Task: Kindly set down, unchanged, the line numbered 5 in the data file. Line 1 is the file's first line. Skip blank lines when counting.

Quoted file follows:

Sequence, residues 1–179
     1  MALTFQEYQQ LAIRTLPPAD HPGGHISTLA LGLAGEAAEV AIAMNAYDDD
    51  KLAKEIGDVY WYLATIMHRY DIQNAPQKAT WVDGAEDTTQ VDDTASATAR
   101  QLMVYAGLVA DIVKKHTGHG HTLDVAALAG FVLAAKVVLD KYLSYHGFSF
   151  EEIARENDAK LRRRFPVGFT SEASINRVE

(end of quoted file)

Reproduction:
   151  EEIARENDAK LRRRFPVGFT SEASINRVE